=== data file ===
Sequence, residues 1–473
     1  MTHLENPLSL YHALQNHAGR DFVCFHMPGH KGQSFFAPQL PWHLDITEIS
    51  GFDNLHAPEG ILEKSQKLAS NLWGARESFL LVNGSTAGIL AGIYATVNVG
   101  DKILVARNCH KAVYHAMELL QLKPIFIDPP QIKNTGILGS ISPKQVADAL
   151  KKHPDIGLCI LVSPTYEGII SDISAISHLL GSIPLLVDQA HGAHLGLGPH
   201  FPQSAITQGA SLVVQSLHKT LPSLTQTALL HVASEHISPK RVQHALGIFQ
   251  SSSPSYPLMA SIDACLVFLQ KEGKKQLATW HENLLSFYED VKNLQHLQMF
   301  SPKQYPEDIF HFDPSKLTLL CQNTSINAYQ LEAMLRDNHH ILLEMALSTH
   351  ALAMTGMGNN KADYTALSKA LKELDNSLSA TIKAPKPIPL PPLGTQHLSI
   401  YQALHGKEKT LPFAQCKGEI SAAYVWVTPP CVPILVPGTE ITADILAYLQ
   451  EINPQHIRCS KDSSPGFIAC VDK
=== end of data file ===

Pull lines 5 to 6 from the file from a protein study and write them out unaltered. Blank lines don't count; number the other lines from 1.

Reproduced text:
   151  KKHPDIGLCI LVSPTYEGII SDISAISHLL GSIPLLVDQA HGAHLGLGPH
   201  FPQSAITQGA SLVVQSLHKT LPSLTQTALL HVASEHISPK RVQHALGIFQ